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The Children's Bookshelf: Wilma's Way Home

WILMA’S WAY HOME: The Life of Wilma Mankiller written by Doreen Rappaport and illustrated by Linda Kukuk is a picture book biography of the first woman chief of the Cherokee Nation.

Wilma was born in 1945 in rural Oklahoma to a Cherokee father and a Dutch mother. She learned how to grow food and flowers and take care of the land along with her ten siblings. In 1956, however, the family was forced to relocate in San Francisco. There she missed the beautiful outdoors, the singing wrens, her garden and most of all her culture.

Wilma eventually married, had two daughters and went to College. She also became active in community work especially in the area of community development and business. In 1987 she was elected the first female principal chief of the Cherokee Nation.

The outstanding illustrations, rendered in watercolor, capture the essence of the Cherokee word Gadugi------the philosophy of helping others and solving real problems by working together. This was Wilma’s great contribution.

WILMA’S WAY HOME: The Life of Wilma Mankiller is well-researched by author Doreen Rappaport with nineteen quotations by Wilma smartly placed throughout the story. There is a useful timeline and pronunciation guide at the back of the book. Linda Kukuk’s illustrations have a spiritual quality especially the final picture of Wilma standing before an orange sunset cloaked in the beautiful flag of the Cherokee Nation. This picture book biography is designed for readers 7-10 years of age (Disney Hyperion, 2019).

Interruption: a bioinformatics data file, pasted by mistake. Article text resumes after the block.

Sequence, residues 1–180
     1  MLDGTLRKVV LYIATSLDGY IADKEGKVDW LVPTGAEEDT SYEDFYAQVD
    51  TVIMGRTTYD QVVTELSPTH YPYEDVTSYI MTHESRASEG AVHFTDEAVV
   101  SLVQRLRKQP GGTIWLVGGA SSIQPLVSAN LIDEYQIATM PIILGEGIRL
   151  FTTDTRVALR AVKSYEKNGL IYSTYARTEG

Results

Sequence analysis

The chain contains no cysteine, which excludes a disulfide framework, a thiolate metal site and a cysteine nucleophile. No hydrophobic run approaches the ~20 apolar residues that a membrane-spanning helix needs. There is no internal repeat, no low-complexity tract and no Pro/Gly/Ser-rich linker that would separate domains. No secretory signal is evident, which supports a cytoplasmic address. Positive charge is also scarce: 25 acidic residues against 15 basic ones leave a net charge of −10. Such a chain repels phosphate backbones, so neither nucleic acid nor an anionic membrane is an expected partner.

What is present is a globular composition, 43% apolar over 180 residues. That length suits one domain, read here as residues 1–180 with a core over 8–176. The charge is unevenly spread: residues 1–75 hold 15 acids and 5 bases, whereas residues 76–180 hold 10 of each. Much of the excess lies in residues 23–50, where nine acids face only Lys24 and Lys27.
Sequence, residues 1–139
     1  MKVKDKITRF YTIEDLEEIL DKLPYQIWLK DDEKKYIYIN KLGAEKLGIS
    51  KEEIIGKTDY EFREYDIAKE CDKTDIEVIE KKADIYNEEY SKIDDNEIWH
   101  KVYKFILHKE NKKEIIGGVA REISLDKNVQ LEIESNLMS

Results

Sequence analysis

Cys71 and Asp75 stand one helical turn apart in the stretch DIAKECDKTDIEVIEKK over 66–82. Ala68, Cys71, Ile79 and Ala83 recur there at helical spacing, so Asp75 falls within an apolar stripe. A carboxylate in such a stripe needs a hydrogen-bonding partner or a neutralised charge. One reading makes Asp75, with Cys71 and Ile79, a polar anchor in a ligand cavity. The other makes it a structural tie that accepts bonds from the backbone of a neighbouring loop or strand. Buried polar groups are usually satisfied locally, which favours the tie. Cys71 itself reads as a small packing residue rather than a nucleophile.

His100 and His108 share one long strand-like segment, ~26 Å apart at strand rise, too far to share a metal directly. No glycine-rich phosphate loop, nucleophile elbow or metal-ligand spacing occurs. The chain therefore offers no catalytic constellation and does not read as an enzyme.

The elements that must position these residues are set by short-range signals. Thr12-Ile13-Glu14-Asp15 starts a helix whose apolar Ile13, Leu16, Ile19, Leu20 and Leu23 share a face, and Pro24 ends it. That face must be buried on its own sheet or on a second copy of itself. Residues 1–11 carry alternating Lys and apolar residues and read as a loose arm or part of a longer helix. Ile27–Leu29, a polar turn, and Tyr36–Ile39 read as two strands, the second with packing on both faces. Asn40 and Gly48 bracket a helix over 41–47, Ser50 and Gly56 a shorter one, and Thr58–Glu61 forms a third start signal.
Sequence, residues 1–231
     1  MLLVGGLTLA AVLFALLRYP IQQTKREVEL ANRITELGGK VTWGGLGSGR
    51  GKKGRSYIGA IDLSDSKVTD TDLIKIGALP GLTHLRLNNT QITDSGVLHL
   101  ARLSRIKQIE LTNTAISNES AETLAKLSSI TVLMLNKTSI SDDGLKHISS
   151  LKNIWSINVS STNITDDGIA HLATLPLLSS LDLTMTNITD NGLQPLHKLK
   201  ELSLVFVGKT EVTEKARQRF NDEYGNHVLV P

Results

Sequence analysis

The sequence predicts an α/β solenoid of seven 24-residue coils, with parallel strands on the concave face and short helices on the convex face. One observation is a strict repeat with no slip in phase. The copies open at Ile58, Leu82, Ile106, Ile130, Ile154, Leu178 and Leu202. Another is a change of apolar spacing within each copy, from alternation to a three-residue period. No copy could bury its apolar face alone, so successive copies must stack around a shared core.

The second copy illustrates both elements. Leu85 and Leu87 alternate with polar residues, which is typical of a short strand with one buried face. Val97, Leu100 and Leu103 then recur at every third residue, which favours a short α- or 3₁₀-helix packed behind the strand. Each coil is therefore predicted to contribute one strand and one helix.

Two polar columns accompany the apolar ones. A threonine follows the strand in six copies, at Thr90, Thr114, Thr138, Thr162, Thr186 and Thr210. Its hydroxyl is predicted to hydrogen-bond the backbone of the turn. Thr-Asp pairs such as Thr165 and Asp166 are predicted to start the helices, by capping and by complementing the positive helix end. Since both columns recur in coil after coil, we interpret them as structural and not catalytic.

Activity Questions for Wilma’s Way Home

The Cherokee word Gadugi stands for the action of helping others by solving problems and working together. In this book the author shows examples of Gadugi as neighbors help neighbors bring pipelines in to ensure water supplies to households. Can you see needs in your neighborhood that could use a little Gadugi? Make a list of simple ways you could help. Think about things that you can actually do such as shoveling snow for someone who cannot get out in the bad weather, picking up papers in an empty lot, walking a neighbor’s dog and such. Always work with your parents on these ideas before going ahead.

Look at the timeline to learn all the ways Wilma Mankiller was honored for her work including officially by President Clinton.

The author places many quotations by Wilma in this story. Reread them. Which ones speak to you? Which one is your favorite? Why?